# Lab 9 -- Assembly Language Programming: The Syracuse Sequence

(This lab was inspired by a laboratory exercise presented in ECE3724: Microprocessors developed by Jones, Reese and Bruce and offered at Mississippi State University.)

## Part 0: Overview & Review

In this lab, you will convert a C program into PIC24 assembly language. The C program generates the syracuse sequence, a subject of interest in number theory. The sequence is generated by a very simple algorithm. Take any number as an input, and divide it by 2 if that number is even, or multiply by 3 and add 1 if that number is odd. The conjecture is that, no matter what number you start with as an input, if you apply the algorithm repetitively to each number generated, the output will be a sequence of numbers terminating in1. However, this is still an open question, and no one has proven this conjecture.

The new programming tasks required in this lab are:

• Convert flow control structures such as `while` loops and `if-else` statements into assembly language instructions.

• Convert simple arithmetic expressions into 16-bit assembly language instructions.

### Mapping Flow control statements to assembly language

There are 2 main steps required to implement a flow control statement in assembly language:

1. Set the status register bits based on the value of the test expression. This step requires that you evaluate the test expression.
2. Branch to a statement label based on the value of the status register set in step 1.

Here's an example:

`while (i < 10) { ... }`

A partial translation of this loop structure into assembly language is:

 `MOV #10, W0` ; setup to evaluate the test expression `CP i` ; set status register bits by comparing i to 10 ; specifically calculate (i-10) `BRA GEU, end_loop` ; branch if (i-10) is greater than or equal to 0 ; this means the loop test is not true

Note that (1) a compare instruction (CP) can be used to set the status register bits, and (2) there are many forms of the branch instruction (BRA), one for each possible comparison outcome. See the PIC 24 instruction set for variations of the CP and BRA instructions.

Refer to your class lecture notes for more assembly language programming examples.

## Part 1: Write syracuse.c in assembly language

As in Lab 7, begin by opening the mptst_word.mcp project which can be found in the chap 3 directory of the PIC24 code archive downloaded in Lab 7.

Use Project -> Save Project As and save the mptst_word project as a new project named syracuse. Save the mptst_word.s file as syracuse.s. Right-click on the mptst_word.s file in the left-hand workspace window and use the Remove option to remove it from the syracuse project. Right click on the Source Files and use Add Files to add the syracuse.s file to the project. Edit the syracuse.s file and remove all of the instructions between the comment, ";User Code starts here" and the "done:" statement label. You can now use this file as the start of a new program.

The program syracuse.c contains several statements such as a prompt for user input, a call to main(), and a return statement, that we will not translate to assembly code. The relevant portion of the program is follows:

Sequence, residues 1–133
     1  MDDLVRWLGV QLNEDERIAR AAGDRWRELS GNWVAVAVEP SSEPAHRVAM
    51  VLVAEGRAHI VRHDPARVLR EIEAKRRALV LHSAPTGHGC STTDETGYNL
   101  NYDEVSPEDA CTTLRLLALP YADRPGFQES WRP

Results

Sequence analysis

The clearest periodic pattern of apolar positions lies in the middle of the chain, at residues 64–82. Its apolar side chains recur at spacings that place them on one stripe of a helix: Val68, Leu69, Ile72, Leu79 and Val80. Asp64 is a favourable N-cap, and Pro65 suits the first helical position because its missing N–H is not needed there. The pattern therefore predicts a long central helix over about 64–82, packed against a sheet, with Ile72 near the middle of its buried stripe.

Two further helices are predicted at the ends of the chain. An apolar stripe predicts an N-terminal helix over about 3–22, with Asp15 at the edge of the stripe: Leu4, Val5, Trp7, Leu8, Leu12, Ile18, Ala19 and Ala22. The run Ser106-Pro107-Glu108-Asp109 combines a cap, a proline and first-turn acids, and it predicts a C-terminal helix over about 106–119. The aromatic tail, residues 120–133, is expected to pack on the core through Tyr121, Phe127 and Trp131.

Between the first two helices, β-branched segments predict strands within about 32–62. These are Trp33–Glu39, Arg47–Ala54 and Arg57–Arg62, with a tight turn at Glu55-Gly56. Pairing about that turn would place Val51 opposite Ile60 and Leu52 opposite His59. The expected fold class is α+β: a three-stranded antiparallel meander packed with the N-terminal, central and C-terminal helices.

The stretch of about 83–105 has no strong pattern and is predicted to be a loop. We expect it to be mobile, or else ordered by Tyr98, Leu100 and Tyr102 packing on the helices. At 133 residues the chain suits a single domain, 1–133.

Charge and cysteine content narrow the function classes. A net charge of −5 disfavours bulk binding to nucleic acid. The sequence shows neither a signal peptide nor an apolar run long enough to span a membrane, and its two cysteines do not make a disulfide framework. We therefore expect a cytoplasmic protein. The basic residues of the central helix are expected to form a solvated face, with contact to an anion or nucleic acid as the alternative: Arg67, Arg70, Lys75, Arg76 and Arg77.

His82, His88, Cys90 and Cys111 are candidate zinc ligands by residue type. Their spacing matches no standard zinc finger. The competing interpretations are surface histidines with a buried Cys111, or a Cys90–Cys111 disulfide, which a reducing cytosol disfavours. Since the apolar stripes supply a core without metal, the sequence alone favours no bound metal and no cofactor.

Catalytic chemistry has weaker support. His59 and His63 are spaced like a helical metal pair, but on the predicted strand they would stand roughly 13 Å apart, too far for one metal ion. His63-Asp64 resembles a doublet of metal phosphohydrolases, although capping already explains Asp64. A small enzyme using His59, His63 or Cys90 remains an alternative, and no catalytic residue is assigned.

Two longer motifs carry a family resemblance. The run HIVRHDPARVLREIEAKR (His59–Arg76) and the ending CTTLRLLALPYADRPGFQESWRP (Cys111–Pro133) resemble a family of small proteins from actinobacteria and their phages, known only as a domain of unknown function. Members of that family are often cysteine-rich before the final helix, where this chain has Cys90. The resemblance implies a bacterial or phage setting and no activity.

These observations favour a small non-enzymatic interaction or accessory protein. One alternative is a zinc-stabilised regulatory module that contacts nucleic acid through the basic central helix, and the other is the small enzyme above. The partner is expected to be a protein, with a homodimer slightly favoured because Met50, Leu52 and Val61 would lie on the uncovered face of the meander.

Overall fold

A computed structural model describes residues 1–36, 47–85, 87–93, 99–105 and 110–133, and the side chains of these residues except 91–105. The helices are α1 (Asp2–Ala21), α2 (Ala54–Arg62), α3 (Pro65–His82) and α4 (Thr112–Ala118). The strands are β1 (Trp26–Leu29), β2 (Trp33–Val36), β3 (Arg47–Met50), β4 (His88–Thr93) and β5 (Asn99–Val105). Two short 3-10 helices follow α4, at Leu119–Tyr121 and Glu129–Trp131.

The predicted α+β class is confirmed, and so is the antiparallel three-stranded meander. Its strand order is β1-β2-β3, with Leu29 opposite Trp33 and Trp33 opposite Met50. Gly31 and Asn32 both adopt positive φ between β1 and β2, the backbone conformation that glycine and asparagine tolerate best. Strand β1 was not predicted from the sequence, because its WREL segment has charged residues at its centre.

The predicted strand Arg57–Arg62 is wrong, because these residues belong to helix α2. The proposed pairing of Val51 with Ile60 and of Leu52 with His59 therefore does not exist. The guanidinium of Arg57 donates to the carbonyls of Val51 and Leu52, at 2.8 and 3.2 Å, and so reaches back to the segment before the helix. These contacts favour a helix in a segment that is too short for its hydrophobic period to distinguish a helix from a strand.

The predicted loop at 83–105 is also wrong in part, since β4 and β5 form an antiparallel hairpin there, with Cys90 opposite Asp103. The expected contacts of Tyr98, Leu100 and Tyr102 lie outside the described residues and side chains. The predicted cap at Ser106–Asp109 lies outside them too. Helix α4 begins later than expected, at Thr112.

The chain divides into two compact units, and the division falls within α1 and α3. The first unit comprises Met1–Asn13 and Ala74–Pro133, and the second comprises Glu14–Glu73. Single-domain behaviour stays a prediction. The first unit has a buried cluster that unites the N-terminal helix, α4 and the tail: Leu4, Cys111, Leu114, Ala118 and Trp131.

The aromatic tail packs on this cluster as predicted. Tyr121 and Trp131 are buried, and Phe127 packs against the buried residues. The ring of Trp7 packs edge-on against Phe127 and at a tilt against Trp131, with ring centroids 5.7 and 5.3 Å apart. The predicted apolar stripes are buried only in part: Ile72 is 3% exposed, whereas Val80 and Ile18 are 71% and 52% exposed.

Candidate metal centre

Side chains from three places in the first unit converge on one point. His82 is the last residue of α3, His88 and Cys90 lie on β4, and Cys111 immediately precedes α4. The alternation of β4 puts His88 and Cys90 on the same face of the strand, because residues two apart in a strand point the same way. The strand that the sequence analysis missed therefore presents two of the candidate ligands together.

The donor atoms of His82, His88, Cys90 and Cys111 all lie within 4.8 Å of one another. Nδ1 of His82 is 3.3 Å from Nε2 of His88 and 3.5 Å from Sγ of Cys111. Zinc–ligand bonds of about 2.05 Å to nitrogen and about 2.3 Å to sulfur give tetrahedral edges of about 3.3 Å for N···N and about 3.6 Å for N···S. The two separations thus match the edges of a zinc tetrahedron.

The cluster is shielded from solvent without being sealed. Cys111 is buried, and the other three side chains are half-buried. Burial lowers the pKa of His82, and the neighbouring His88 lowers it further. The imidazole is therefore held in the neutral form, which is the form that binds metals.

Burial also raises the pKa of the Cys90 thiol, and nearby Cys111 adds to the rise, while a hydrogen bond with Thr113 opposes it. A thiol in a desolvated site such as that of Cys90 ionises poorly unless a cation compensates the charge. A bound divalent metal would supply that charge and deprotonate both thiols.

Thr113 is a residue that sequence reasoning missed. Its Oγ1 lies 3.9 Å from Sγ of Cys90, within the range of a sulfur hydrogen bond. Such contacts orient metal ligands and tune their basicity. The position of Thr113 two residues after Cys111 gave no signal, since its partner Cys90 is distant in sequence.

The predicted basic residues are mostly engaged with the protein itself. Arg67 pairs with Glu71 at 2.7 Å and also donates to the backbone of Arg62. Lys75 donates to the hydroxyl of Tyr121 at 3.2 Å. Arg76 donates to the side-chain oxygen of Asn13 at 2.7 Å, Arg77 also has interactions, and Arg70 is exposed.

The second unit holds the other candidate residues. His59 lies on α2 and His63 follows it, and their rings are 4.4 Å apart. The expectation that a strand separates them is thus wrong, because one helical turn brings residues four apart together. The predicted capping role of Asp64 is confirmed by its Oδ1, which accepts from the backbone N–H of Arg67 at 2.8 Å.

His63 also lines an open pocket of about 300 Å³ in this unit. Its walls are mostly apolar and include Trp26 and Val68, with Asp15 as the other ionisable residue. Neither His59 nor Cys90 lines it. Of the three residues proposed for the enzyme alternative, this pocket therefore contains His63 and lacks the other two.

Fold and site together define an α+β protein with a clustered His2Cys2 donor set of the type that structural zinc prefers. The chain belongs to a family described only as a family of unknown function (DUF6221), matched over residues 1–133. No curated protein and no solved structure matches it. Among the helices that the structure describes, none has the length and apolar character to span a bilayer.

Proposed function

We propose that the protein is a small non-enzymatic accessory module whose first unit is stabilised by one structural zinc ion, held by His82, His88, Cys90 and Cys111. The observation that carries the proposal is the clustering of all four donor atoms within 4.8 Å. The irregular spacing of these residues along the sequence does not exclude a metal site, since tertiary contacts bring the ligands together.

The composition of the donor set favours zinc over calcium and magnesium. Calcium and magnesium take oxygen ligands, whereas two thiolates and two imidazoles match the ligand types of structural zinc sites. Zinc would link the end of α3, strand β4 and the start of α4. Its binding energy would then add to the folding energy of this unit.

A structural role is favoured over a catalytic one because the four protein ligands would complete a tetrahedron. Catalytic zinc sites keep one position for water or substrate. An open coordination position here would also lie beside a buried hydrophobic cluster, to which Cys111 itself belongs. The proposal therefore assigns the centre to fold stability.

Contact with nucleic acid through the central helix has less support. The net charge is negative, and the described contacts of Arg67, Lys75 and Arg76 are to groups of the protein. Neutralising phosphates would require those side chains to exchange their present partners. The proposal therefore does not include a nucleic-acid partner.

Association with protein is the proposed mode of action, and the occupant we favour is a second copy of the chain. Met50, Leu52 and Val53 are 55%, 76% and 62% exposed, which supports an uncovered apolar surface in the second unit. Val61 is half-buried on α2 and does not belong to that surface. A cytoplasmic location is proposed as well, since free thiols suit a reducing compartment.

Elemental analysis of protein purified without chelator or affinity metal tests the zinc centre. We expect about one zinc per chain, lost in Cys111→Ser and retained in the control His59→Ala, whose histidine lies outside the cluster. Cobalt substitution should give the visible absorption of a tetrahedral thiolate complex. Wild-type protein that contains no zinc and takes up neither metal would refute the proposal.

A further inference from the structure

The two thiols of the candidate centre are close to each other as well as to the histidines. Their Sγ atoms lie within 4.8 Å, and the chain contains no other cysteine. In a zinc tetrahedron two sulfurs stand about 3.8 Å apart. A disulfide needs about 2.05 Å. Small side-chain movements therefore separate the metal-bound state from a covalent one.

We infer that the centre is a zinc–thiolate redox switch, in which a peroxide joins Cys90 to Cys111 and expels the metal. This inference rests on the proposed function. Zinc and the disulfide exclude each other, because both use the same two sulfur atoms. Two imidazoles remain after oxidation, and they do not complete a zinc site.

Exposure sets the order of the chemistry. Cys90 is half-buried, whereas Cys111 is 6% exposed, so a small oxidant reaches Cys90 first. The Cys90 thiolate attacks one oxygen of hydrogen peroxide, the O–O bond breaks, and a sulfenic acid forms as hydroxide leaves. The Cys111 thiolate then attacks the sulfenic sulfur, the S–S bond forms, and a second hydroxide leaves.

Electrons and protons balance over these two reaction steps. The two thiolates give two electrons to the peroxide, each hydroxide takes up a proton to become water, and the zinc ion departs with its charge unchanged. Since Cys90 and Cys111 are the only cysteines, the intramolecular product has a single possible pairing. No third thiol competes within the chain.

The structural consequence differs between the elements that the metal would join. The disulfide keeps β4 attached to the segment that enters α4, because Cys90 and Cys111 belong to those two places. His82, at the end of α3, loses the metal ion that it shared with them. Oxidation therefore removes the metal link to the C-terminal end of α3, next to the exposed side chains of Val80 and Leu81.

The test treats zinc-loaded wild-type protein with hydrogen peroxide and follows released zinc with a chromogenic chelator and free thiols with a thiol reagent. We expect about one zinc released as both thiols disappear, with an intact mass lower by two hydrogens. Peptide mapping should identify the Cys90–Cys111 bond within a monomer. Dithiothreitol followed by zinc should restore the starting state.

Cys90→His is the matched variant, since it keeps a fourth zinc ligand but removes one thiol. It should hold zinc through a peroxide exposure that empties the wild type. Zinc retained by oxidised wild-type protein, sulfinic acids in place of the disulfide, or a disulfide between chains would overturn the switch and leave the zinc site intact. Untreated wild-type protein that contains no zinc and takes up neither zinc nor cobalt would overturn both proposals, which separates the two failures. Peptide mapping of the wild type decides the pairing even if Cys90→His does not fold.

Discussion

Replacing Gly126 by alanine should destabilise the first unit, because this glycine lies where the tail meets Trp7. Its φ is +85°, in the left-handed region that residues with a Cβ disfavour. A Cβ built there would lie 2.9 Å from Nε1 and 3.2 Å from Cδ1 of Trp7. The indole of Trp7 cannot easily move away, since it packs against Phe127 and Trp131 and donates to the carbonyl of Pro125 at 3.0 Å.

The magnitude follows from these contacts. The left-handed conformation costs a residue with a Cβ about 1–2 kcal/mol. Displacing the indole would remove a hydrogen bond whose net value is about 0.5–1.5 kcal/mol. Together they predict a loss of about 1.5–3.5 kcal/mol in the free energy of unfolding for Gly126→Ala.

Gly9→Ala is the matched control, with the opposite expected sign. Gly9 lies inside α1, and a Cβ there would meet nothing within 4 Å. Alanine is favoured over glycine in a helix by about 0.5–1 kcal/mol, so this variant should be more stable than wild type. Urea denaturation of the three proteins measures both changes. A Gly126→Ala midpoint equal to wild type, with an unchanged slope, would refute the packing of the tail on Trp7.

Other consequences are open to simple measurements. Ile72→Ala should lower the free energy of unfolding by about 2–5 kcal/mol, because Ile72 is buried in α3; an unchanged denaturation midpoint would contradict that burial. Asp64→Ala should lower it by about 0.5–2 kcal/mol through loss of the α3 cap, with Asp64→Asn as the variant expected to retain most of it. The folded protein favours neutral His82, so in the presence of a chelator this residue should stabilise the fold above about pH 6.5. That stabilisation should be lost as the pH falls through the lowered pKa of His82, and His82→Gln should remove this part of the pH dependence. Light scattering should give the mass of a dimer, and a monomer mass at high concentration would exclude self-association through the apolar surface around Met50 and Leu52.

```int count, num ;
num = 6;           ;              // added to replace user input
count = 0 ;
while (num != 1) {   printf("%8d\n", num) ;         // don't translate to assembly
if (num%2==0) {
num = num/2 ;
} else {
num = 3*num + 1 ;
}
++count ;
}
printf("%8d\n\n", num) ;            // don't translate to assemblyprintf("iterations: %d\n", count) ; // don't translate to assembly
```

Your job is to translate the code above (minus the printf statements) into an assembly language program that calculates the same values for `num` and `count`. The output of the program above is:

```syracuse
6
3
10
5
16
8
4
2
1

iterations: 8
```

You should verify that your assembly language program calculates these values by watching memory. Use the watch window to monitor the values of the variables `num` and `count,` and any registers you use, such as WREG and SR (the status register). Also, use the data memory window to monitor the memory locations of the variables. Write your program, simulate it, and verify that you are producing the correct results at each iteration of the `while` loop.

### Checkoff

 Begin the simulation and show your instructor two iterations of your while loop as well as the source code.

Recommended Approach

You should not try to ‘optimize’ away any statements – you should implement the C code exactly as shown. You must place a comment on a line by itself giving the line of C code followed by the assembly instructions which implement this C code. In addition, you should place comments to the right of assembly instructions which clarify their purpose. The required comments are demonstrated below.

```
; i = avalue;
mov #avalue, W0  ; W0 = 100
mov WREG,i       ; i = 100

; i = i + 1;
inc i              ; i = i + 1

; j = i
mov i,WREG         ; W0 = i
mov WREG,j         ; j = W0
```

Implement your assembly language solution one step at a time:

1. Get variable initialization working correctly.
2. Implement the loop with an empty body and verify that the loop executes correctly the first time.
3. Trace the C code to determine which if-else clause is executed the first time through the loop. Implement that if-else clause with an empty body for the other clause, then test execution through the loop one time, verifying that you get correct values.
4. Implement the other clause to complete your implementation. Trace variable values each time through the loop, and debug problems when you see a deviation from the C output.